Vitto is a returning WWII soldier suffering from PTSD. His young son doesn’t remember him, his wife, Valerie, is scared of his violent outbursts, and his father, Robert, is suffering from Alzheimer’s, becoming a shell of the great sculptor he used to be. 

When Robert goes missing, Vitto and his wife know where to look first: the run-down Tuscany Hotel that Robert and his wife, Magdelena, built together years before as a haven for artists and creative minds to use as a retreat.

When they find Robert at the hotel, he has regained his memories, telling them that the fountain water can cure a broken mind like his. Soon, the hotel is flooded with people suffering from memory issues, and their families, looking for a way to restore their minds and their lives.

But drinking the water comes at a cost, and Robert, Vitto, and the rest of the Tuscany Hotel residents must decide whether getting their lives back is worth the price.

I wasn’t sure about this book when I first started reading it.

It has a slow beginning, and not very likeable characters. Obviously, it’s understandable that Vitto is angry and unpredictable, he’s just come back from war, and his family has completely changed since he left. His son is older than the baby he left behind and barely recognises him. And his father has lost his once sharp mind, unable to feed or clean himself.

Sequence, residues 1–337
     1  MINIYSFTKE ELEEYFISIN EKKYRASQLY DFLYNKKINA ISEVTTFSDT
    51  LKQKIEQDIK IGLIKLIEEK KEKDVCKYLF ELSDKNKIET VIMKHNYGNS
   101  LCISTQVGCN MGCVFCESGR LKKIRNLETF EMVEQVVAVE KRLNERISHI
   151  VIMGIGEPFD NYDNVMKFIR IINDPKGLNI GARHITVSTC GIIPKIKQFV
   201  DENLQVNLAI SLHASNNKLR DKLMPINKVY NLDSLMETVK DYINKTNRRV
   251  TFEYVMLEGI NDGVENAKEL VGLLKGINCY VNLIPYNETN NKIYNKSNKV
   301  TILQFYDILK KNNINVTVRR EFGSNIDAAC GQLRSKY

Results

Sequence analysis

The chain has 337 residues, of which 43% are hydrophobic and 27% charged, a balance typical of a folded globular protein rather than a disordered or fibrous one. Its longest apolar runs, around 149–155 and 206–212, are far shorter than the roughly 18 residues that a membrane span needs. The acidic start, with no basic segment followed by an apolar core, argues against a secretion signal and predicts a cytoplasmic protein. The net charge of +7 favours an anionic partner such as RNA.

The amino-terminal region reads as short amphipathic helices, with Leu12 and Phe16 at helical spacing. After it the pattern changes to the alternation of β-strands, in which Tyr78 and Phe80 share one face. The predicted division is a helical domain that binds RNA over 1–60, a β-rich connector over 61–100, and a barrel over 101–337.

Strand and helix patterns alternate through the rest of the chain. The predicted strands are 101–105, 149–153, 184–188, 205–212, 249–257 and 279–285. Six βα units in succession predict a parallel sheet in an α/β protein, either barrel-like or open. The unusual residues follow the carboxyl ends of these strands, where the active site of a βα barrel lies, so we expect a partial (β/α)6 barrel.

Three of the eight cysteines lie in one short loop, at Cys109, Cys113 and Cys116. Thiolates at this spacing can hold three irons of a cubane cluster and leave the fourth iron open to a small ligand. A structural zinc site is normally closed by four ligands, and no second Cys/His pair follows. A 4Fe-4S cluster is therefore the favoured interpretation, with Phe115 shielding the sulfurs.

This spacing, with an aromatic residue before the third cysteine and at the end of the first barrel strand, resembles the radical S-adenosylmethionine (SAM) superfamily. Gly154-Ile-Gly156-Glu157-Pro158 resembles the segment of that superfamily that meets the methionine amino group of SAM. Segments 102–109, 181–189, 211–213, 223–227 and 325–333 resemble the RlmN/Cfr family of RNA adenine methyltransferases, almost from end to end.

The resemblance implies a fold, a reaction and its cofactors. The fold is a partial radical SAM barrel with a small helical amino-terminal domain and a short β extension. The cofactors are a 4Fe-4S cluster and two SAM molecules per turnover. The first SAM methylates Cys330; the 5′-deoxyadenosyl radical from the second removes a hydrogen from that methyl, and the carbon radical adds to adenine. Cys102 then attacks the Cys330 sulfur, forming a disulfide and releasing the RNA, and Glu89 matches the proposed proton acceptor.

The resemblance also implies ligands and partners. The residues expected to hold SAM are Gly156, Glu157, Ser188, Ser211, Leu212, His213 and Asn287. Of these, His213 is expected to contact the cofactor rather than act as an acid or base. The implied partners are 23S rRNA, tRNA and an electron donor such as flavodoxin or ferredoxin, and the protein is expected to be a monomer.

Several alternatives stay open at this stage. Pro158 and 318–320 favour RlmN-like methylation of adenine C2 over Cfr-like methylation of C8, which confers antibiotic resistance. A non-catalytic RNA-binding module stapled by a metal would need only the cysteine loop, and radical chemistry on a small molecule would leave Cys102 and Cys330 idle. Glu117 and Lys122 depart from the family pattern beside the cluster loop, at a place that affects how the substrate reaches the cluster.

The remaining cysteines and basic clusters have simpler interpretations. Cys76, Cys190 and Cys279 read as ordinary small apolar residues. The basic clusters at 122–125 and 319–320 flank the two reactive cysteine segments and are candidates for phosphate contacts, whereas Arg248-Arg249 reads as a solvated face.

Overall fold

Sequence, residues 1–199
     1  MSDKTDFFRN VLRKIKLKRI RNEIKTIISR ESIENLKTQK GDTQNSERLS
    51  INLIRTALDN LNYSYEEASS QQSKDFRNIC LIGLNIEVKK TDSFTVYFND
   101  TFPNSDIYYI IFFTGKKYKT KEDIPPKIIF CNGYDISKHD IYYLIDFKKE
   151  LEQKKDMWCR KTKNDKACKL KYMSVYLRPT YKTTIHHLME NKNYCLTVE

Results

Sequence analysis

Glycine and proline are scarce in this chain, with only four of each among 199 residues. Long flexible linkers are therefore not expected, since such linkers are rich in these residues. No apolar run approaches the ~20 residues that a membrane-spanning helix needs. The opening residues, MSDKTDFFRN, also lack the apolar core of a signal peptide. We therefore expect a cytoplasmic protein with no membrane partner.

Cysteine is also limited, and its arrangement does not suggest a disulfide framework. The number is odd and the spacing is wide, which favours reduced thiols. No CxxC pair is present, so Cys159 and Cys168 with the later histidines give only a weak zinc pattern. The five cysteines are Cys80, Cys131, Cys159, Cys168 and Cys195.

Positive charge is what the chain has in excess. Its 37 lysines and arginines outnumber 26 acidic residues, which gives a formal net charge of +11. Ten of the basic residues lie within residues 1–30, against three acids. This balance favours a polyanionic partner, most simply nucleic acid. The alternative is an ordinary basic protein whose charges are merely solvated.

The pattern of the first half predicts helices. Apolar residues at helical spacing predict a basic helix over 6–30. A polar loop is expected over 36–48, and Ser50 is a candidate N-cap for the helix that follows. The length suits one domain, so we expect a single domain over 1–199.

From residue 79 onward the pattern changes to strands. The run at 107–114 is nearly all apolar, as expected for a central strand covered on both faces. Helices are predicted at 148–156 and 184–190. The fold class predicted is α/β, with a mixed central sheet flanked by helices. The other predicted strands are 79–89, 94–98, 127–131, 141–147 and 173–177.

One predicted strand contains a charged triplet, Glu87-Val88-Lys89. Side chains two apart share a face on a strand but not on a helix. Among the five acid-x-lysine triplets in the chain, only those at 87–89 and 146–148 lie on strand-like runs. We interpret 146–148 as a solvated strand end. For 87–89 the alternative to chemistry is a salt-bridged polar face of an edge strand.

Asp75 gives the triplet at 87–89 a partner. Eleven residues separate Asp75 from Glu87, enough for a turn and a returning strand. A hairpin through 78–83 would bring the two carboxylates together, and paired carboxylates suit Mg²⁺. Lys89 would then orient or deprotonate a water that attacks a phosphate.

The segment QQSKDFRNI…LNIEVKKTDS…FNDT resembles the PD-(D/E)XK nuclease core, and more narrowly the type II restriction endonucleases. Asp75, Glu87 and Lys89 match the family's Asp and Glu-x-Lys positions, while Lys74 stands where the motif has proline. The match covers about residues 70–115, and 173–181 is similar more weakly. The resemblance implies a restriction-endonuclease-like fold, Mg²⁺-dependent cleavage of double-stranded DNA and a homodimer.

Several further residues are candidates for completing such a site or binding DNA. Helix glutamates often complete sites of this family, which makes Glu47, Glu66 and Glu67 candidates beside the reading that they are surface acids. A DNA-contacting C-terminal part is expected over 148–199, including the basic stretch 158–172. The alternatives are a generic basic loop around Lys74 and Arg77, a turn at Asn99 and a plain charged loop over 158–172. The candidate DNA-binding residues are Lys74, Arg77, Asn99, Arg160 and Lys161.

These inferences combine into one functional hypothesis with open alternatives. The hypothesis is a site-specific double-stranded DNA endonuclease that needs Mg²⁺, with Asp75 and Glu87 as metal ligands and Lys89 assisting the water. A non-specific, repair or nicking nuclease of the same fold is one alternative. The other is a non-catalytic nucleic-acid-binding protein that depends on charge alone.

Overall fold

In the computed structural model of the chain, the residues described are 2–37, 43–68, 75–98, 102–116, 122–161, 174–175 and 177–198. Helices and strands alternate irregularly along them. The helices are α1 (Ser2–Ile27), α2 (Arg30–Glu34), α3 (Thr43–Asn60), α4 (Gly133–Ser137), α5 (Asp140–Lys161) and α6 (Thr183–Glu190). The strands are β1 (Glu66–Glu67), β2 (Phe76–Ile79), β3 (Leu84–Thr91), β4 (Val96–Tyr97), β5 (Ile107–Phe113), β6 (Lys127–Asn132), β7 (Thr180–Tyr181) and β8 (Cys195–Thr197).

But after the first couple of chapters, and once we’re introduced to the Tuscany Hotel, this story really begins, and the slower pace starts to work in its favour. I don’t always like slow burners, I’ve said it before that I prefer to have a book keep me on edge and up all night reading. But this book would never have worked if it was faster. The slow pace adds to the tranquillity and relaxing atmosphere of the Tuscany Hotel and pulls you deep into the character’s lives.

The beautiful writing and lyrical language also pull you right in.

The descriptions of the hotel and its surroundings almost make the setting a character in itself. The colours jump off the page and make everything all the more life-like. 

I’m someone who isn’t usually a fan of long descriptions any more than I’m a fan of a slow pace, but the way Markert uses words to create atmosphere and set the scene is so beautiful it’s hard to be bored by it. 

The backdrop of Greek mythology was one of my favourite things about the story.

I love a bit of mythology, and I think it’s interesting to read about the mythology of other countries. I don’t know a lot about Greek mythology (mostly what I learned from Disney’s Hercules as a kid, and I don’t know how accurate that was), so I enjoyed hearing all of the stories that Magdelena told Vitto as a kid, who then subsequently tells his own son as a way of bonding with him.

(Side note: one of my favourite parts of this book was when Vitto is telling his son, William, the story of Cronus eating his children, William’s response was ‘Eat ‘em in bites like a cookie? Or in one pop like an olive?’ That made me laugh so much!).